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Effectiveness: 4 Star Cost: $$$
Use: Unknown
Time: Medium

In 2021 some 57% of passenger vehicle occupants killed in crashes at nighttime were unrestrained. In contrast, 43% of fatally injured passenger vehicle occupants in daytime crashes were unrestrained (NCSA, 2023c). Several States have experienced smaller gains in seat belt use associated with enforcement campaigns after conducting them for several years (Nichols & Ledingham, 2008). These programs also have been conducted almost exclusively during the daylight hours, and the available data suggest that belt use is lower at night (Chaudhary et al., 2005; Hedlund et al., 2004; Nichols & Ledingham, 2008).

Resources focused on nighttime seat belt enforcement may provide additional gains in seat belt use and injury reduction. In particular, belt law checkpoints, saturation patrols, or enforcement zone operations could be conducted at night, when belt use is lower, DWI is higher, and crash risk is greater than during the day. Enforcement activities should be conducted in locations with adequate lighting or by using light enhancing technologies. The first demonstration of this strategy took place in 2004 in Reading, Pennsylvania (Chaudhary et al., 2005).


There is little information available on how frequently nighttime, high-visibility seat belt law enforcement strategies are used. One demonstration of a nighttime program in Pennsylvania was conducted in 2004 (Chaudhary et al., 2005), another demonstration program involving three North Carolina communities was conducted in 2007 (Solomon, Chaffe, & Preusser, 2009), Washington State conducted a 2-year statewide high-visibility nighttime seat belt enforcement program from May 2007 through May 2009 (Thomas et al., 2010), and Oklahoma, Tennessee, and Maryland conducted enforcement waves from 2011 to 2013 (Nichols, Chaffe, & Solomon, 2016; Retting et al., 2018).


Research has shown that short-term HVE programs are effective at increasing nighttime seat belt use (Boakye et al., 2018; Chaudhary et al., 2005; Retting et al., 2018; Solomon, Chaffe, & Preusser, 2009; Thomas et al., 2017).

A detailed evaluation of a nighttime seat belt enforcement program in Washington State found that it was effective across outcome measures (Thomas et al., 2017). The program used a combination of HVE and both paid and earned media. Public surveys indicated that 70% of motorists reported hearing or seeing campaign messages and noticed increased enforcement. Over the course of the program, observed daytime and nighttime seat belt use levels trended upwards from initially high levels, with a larger increase occurring for nighttime use (from around 95% to 97% at night). Additional time-series analyses of crash data found that the program was associated with 3.4 fewer nighttime fatalities per month, even after accounting for the effects associated with the State adopting primary seat belt enforcement prior to the program. An evaluation of the first year of this Washington program also looked at the characteristics of observed drivers (through self-report, driving, and criminal records) finding notable differences between unrestrained and restrained drivers by time of day (Thomas et al., 2010). For example, unrestrained nighttime drivers were 2.7 times more likely than restrained daytime drivers to have had a felony arrest and 3.0 times more likely to have had an alcohol citation. As part of the outcome evaluation, debriefings with local law enforcement agencies indicated that enforcement personnel felt that the publicity campaign enhanced their efforts and that they would recommend the program to other agencies.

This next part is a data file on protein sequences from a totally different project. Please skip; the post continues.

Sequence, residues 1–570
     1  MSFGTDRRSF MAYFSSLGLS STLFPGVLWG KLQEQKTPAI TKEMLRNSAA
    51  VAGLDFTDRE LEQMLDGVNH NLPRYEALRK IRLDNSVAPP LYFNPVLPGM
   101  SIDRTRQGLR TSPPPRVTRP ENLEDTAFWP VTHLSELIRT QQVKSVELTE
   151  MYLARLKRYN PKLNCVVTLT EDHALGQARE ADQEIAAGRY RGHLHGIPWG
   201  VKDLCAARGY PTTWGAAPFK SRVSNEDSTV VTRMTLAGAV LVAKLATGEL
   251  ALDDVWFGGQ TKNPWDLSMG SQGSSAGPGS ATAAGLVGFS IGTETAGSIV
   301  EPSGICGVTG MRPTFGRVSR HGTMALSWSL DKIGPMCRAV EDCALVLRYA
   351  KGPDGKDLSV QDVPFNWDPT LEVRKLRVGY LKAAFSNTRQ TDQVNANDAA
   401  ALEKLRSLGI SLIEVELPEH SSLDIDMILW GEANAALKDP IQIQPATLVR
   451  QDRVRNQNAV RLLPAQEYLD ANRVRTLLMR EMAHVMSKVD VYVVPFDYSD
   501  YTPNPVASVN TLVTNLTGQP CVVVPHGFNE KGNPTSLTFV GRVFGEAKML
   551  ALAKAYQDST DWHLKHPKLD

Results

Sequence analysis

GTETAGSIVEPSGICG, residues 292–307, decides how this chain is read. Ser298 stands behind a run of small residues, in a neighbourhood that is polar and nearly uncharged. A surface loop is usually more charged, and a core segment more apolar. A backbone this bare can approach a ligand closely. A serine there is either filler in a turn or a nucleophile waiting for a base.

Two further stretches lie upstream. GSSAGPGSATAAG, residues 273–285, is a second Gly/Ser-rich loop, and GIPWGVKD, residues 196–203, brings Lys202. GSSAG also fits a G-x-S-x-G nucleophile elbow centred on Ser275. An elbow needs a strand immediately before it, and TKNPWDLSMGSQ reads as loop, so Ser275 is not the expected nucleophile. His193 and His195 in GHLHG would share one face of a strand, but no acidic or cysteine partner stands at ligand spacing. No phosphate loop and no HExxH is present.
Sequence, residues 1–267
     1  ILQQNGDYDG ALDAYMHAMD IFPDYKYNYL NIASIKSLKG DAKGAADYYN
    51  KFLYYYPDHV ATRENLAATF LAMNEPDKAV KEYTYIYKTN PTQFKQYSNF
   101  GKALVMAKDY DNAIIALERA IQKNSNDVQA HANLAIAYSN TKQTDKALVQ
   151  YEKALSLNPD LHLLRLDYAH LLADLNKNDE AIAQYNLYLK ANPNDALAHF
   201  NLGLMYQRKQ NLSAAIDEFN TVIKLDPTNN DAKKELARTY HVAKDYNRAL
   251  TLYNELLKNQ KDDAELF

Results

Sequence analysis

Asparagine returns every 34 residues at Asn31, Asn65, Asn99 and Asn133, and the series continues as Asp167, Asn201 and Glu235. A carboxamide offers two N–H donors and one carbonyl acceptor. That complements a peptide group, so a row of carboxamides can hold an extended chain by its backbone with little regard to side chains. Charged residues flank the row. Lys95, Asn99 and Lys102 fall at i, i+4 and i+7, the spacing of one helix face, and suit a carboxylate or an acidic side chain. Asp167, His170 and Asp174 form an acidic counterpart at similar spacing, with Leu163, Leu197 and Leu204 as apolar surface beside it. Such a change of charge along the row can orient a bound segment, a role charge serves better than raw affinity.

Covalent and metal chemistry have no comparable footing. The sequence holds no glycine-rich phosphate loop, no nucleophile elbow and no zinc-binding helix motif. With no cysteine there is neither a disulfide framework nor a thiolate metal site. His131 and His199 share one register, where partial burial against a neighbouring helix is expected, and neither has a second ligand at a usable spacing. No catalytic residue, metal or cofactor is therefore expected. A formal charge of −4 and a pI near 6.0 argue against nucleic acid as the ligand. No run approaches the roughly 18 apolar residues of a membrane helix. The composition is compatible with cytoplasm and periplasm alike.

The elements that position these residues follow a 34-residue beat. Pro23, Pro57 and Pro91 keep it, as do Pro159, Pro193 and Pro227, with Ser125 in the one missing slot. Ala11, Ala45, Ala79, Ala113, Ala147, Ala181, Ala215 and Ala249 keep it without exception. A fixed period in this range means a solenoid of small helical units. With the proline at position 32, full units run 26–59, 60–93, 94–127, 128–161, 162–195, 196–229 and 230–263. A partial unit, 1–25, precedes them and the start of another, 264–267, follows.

A 3-year high-visibility nighttime seat belt enforcement program conducted in Maryland successfully raised nighttime seat belt use (Retting et al., 2018). This program included five waves of HVE coupled with extensive paid and earned media. The primary message of the ad campaign was: “Cops are cracking down on seat belt violations, especially at night.” Driver awareness of the seat belt enforcement increased significantly during the HVE period. Furthermore, despite the fact that seat belt use rates were already high in this region (90-95%), there was a small but significant increase in observed nighttime seat belt use in three of the five waves when compared to a pre-HVE period. Control sites showed no changes in nighttime belt use across the same timeframe. A similar pattern was observed with unbelted injury crashes at night. These rates dropped at HVE sites when compared to the pre-HVE period and control sites showed no change in crash rates. Like the Washington State program, nighttime unbelted drivers were more likely to have poorer driving records and more prior citations for speeding, negligent/reckless driving, license-related offences, and crashes.


The costs of nighttime high-visibility seat belt law enforcement programs are probably somewhat greater than the costs of programs conducted during daylight hours. In addition to the costs, discussed for Short-Term, High-Visibility Seat Belt Law Enforcement, nighttime programs may entail somewhat higher costs if night-vision technology is used.

Time to implement:

Nighttime high-visibility seat belt law enforcement programs require 4 to 6 months to plan and implement.